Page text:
Fri Aug 6th, 2010 at 11:33:13 AM EST
Not so long ago I wrote about the London Drinker beer festival to give some idea of what goes on at a regional festival. So it was inevitable that I document something of the big one, the Great British beer festival. To give you an idea of the scale, the American bar had 100 different US beers on draught (that's draft in American) from the cask. With the exception of the Great American Beer Festival in Denver, that makes it the largest selection of American beer anywhere. And that's just one of the bars.
Anyhow, here's a few panorama's to give you an idea of the scale.
This is the US beer bar where I spent far too much of my time drinking extremely hoppy concoctions of which their brewers are justifiably proud.
and the other end
I enjoyed the Willimantic Downtown Willi India Dark Ale as it was a twist on the idea of an India Pale Ale, but with a few dark malts for added complexity. Sadly I tried it again the day after and it had lost a lot in the night. It happens, real ale changes; for good and ill. I also enjoyed the serious hop thwack of Lost Abbey's Mongo but my favourite was Portmouth brewery's Bottle Rocket IPA. I should also give an honourable mention for Boston Beer Works - Fenway Brewery's Barrel Aged Habanero black IPA which my notes state was akin to pushing a cactus into my mouth.
There was also the Czech and German bar where I indulged my love of Schlenkerla Rauschbier. If it is available on draught, I simply have to have some.
They also had unpasteurised, unfiltered beers from both the Budweiser and Bernard breweries of the Czech Republic. Due to the difficulties of keeping these beers presentable because of their restricted shelf life (4 - 5 days) these are extremely difficult to find even in their native land, so it's was an unmissable opportuntity to have them here. I'd like to report that they were as wonderful as the similar Pilsner Urquell beer was when I had it, but to be honest I was underwhelmed by them. Still you have to try.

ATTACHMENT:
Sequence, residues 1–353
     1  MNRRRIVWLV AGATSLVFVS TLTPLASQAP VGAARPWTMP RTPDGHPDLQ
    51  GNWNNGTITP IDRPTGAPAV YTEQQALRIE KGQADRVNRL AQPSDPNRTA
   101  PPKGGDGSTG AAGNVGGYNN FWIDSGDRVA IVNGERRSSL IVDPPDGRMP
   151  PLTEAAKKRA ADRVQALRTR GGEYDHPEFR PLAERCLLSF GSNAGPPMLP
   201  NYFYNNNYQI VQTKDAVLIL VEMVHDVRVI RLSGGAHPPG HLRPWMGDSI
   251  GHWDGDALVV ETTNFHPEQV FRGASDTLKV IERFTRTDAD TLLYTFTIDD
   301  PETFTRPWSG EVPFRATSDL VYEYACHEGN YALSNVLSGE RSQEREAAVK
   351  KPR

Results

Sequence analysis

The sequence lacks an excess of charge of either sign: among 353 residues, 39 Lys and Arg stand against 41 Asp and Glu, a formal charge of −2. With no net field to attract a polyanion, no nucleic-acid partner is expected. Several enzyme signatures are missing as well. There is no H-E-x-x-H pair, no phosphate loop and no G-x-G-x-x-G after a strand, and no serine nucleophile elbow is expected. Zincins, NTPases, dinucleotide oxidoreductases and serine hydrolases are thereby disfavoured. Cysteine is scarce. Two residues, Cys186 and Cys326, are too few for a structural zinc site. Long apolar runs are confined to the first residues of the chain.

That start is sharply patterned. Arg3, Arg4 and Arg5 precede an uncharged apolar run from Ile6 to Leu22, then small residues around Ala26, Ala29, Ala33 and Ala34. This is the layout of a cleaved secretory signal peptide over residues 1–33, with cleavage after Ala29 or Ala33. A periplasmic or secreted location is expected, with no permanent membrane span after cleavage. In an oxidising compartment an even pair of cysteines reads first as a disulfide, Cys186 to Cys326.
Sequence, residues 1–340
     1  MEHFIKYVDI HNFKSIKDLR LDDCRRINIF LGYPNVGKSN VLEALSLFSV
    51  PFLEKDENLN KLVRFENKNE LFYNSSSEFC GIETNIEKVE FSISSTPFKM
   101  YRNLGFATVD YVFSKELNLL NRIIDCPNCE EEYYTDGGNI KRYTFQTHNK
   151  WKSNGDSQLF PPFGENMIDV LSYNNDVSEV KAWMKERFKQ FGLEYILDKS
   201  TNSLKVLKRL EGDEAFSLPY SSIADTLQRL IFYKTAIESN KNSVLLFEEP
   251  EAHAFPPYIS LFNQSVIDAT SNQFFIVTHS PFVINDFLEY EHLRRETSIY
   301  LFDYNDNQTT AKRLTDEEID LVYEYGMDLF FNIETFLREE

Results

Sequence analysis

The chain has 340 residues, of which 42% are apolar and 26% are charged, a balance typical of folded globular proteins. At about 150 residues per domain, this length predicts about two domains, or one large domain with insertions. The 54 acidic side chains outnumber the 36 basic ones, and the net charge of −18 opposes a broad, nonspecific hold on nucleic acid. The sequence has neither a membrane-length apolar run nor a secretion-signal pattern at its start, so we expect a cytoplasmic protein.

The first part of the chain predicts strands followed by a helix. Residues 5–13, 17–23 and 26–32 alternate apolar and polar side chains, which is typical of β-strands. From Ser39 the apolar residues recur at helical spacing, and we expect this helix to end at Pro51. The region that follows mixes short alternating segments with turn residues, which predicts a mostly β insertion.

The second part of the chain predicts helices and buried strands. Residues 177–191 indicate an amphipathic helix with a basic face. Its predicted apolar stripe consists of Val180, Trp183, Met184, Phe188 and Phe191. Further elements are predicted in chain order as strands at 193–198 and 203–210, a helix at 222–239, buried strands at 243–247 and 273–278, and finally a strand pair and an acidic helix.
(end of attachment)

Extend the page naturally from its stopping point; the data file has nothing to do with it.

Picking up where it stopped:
And of course, there were the British beer bars, featuring beers from such diverse places as the Channel Islands, Ulster and the Isle of Man all the way up to the far north Orkney Islands. There were 14 bars like this.
In addition there were various bars that were sponsored by breweries. The beers are still those selected by CAMRA, but the brewery gets the chance to do some marketing.
I am especially fond of the Grousebeater beer from Theaksons, which is normally restricted to pubs near the brewery, so it was nice to get a half of it.
And those who drink cider were well catered for...
Personally I don't care for British cider, preferring Normandy cider but I'm quite fond of Perry. However, seeing as most people you see heavily involved with the cider side of CAMRA seem to have warts or something strange about them, I tend to keep my distance in case it's catching ;-)) btw, that scale of cider from very sweet to very dry should really go from "I-can't-believe-you-expect-me-to-drink-this" to "Banned by the Geneva Convention" imo.
And of course there's food, lots and lots of it.
And interesting beer related paraphenalia and T-shirts
and finally, just to annoy Drew.
There was also a display on the brewing process, but I'll hold those for another diary I'll have the photos for in late September when I go to the Hop Back brewery.